Martha says, “Celebrate big, billowing flowers with an exuberant large-scale arrangement. This display showcases the unrestrained beauty of hydrangeas. An armful of the flowers overflows a generous glazed-iron urn-shaped vase in an effortlessly elegant way. Tendrils of clematis winding through the blooms emphasize the cottage-garden feeling.” Thanks Ms. Stewart.
To re-create this whimsical centerpiece, cluster pink peonies and tulips, red roses, and chartreuse verbena in an oversize square vase. Wrap striped and polka-dot ribbons around the vase and hot-glue in place (or substitute heavy-duty double-faced tape). Make two or three to run down the center of the table.
I love this idea- who would’ve thought you can do this to tulips! To make these common bulbs more exotic, just put your thumb under each petal and fold it back with your forefinger. Afterward, they almost resemble camellias!
Why bother with floral foam or marbles when the best arranging tool is right in your backyard? “You can use tree branches to form a backbone that will support more delicate stems,” says florist Felipe Sastre. Here, Sastre crisscrossed six pear boughs and weaved in hydrangea and lisianthus, as well as lady’s mantle. If your branches are alive and leafy like these, scrape the bottoms, then split them up the center a couple of inches to aid water absorption.
Here’s how florist Michael George gets roses to absorb more water and live longer: Wrap the flowers in brown packaging paper to protect them, then snip a quarter inch off the stems and place them in one inch of boiling water. “The shock of it forces the air out,” says George. “You can actually see bubbles coming from the ends.” Leave roses in place until the water turns tepid, give the stems a fresh cut, then transfer to cool water.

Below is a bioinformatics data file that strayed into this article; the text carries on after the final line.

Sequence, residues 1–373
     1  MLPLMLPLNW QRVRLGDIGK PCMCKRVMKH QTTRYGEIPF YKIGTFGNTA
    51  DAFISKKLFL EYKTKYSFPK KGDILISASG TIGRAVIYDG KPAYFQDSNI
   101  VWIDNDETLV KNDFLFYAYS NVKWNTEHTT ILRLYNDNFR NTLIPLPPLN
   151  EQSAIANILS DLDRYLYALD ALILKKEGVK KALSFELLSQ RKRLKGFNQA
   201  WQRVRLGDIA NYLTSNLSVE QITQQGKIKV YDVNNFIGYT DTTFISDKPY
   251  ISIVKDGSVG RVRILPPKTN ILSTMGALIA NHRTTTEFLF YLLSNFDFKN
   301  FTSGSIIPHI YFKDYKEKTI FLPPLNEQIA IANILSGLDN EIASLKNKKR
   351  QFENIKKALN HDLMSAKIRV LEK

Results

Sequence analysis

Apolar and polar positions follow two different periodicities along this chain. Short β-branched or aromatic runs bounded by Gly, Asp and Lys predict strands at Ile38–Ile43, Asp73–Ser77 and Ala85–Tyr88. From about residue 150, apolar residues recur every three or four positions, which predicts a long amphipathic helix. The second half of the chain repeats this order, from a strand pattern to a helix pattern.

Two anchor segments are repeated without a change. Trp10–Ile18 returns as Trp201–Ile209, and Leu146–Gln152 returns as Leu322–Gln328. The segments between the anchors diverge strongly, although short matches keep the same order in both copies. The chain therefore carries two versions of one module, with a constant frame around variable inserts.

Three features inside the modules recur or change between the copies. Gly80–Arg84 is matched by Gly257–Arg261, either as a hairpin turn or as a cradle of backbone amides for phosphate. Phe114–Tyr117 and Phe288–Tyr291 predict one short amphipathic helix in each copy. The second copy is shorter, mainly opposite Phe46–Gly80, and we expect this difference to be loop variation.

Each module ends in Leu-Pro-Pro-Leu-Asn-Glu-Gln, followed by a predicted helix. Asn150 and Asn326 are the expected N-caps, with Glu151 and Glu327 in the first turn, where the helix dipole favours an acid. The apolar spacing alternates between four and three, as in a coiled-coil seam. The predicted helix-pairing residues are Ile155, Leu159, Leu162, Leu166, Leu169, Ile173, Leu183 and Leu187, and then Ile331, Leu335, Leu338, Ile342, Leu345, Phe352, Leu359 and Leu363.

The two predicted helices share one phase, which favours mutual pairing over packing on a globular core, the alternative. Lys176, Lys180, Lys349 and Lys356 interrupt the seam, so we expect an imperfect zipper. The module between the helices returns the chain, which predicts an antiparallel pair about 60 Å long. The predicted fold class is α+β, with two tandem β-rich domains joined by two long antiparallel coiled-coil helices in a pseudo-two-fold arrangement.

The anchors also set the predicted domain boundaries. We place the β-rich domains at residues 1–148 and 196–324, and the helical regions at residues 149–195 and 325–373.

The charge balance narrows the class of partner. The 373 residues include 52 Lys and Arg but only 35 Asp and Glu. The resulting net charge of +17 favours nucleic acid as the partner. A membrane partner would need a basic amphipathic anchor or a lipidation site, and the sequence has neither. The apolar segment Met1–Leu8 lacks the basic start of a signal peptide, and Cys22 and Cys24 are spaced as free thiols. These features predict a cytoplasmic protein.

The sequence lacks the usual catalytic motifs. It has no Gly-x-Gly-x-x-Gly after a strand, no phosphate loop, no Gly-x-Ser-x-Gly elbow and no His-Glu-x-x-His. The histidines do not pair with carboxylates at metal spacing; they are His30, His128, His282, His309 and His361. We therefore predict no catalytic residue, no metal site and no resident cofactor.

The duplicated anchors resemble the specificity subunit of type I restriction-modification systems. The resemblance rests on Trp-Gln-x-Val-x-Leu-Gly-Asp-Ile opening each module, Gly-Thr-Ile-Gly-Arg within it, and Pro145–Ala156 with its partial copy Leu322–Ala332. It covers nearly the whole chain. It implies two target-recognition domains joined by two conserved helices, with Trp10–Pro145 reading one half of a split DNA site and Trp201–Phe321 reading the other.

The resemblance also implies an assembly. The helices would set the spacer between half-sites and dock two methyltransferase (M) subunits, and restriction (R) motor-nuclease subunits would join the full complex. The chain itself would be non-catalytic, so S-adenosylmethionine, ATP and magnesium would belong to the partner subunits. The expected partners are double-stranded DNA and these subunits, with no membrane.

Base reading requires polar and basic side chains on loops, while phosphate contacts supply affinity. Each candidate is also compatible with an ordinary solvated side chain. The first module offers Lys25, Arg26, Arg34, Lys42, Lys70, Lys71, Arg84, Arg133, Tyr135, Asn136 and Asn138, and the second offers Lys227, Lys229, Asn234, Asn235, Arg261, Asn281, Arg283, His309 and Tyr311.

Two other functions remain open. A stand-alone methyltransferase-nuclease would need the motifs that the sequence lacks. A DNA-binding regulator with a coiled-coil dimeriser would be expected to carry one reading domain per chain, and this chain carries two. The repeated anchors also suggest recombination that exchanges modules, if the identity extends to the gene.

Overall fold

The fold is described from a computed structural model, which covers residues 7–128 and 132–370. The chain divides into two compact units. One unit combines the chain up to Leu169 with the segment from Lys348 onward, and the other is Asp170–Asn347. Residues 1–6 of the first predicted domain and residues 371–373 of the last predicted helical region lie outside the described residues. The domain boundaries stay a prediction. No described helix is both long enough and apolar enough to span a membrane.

Create a study in color with different flowers in shades of the same hue. Hydrangeas and clematis in purple tones look unified yet diverse. The aqua-colored McCoy bowl peeking out is a bright surprise.
Who knew? Good old cooking spray helps tropicals — such as bird-of-paradise, ginger, and heliconia — last. The spray basically seals the pores of the flower and prevents it from drying out. Lightly spritz each bloom once, from about 12 inches away. It’ll make ‘em shine, too!
The same elastic that secures your hair will also keep flowers in place. Put the band around the stems, about four inches below the top of the blossoms. “Choose clear elastic and position it at the waterline,” says George. “The band will be totally invisible.” (Goody Ouchless clear, latex elastics, $3.89 for a package of 52)
For a clean cut, it’s best to snip stems with garden clippers or a sharp knife. When you use scissors to trim flowers — especially those with tubular stems, like Gerbera daisies — the stems crack. The blooms can’t get water and will die soon after.
Please please please let the flowers bloom soon!